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UH Moment

UH Moment: “Special Collections”

Your research might come alive if George Washington actually read his letters to you or if you could feel and smell the parchment paper of the 15th century manuscript you’re studying. Hear about UH Special Collections in this week’s UH Moment.



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Emily Scott Evans Endowed Professor and head of the University of Houston Libraries’ Special Collections, Pat Bozeman mans the sacred space on the 2nd floor of the M.D. Anderson library, revered for its medieval manuscripts, its historical letters and photos and its collections documenting Houston’s and Texas’ past. It is not off limits.  She wants people to bring their research needs to special collections for a value-added experience.  She says folding such treasures into research or class work adds a dimension of learning not attainable through text books or internet searches.

 “When you can pull out an original manuscript or letter, you can smell and feel the paper and really physically connect on a number of levels,” she said.  “It becomes a three-dimensional experience.” 

Illuminated medieval manuscriptBozeman, who also has worked in the rare books and manuscript trade, understands the hesitation students and others may have when faced with an original letter from George Washington or a 13th century medieval manuscript.  The “wow” factor can make us almost afraid to touch or explore.  But, she says, that kind of exploration sparks a passion to find out more.

“In addition, a library’s special collections are what often distinguish university libraries from one another,” Bozeman said.  “You might be swayed to attend this university if you know how your research will be aided by our special collections.”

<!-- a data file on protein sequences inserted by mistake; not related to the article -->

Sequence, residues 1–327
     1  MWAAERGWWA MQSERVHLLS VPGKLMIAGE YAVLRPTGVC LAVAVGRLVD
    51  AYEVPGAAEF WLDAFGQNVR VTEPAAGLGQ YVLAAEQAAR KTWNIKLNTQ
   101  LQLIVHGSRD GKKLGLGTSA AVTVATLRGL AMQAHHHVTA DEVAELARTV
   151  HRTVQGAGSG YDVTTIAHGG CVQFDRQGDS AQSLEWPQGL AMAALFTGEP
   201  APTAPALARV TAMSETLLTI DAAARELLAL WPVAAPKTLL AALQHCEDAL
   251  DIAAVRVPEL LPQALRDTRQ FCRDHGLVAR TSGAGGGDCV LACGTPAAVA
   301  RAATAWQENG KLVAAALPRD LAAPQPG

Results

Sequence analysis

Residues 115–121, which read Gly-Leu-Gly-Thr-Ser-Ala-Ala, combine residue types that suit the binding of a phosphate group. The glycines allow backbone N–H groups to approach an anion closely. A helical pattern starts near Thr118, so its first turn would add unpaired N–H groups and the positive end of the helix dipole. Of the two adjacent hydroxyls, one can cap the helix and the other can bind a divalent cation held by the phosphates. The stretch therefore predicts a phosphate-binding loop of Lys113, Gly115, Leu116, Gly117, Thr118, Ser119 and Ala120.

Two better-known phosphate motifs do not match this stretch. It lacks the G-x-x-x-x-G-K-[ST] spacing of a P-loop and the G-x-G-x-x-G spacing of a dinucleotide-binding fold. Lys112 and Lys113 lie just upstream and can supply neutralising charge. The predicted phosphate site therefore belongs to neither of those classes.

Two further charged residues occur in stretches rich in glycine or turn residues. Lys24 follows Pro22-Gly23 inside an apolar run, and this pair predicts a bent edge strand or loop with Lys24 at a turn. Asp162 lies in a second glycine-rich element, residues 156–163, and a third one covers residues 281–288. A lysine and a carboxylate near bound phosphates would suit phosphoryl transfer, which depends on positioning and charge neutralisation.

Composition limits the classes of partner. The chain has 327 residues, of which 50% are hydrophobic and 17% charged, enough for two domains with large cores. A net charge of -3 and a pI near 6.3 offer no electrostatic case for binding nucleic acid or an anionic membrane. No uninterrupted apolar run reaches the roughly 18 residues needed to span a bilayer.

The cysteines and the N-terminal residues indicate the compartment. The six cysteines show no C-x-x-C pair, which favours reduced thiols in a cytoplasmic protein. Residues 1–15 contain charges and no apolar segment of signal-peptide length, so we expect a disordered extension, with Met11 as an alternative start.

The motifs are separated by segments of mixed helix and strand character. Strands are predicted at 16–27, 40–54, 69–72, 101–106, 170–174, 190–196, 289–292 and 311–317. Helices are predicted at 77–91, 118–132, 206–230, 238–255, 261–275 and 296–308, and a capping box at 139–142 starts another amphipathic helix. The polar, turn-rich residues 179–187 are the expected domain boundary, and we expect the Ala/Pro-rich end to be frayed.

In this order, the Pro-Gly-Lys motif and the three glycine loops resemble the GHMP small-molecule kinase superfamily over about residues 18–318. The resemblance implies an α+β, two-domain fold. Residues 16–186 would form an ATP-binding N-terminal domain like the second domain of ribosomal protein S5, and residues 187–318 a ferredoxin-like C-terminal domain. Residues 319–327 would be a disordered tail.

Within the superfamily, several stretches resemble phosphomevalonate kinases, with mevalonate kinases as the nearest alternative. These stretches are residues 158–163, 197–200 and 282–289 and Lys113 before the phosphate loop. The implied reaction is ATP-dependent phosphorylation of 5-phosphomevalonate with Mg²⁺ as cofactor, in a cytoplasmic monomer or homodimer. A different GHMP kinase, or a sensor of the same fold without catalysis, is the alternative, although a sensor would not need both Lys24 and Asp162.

The UH Libraries’ Special Collections also includes other collections unique to Houston’s history, such as the papers of Texas oil and lumberman John Kirby, the Foley brothers department store archive, the Nina Vance Alley Theatre collection, the papers of newspaper columnist Leon Hale, or the papers of author Larry McMurtry—all tangible links to people and events that shaped the past and are available to anyone with research needs.

“Whether it’s the freshman student, or the seasoned researcher, your reason to have that collection is to present them with something that will make them look in an entirely different way at whatever they’re working on,” Bozeman said.  “People who are in special collections have a passionate drive to do that.”

The UH Special Collections are part of what’s happening at the University of Houston. 

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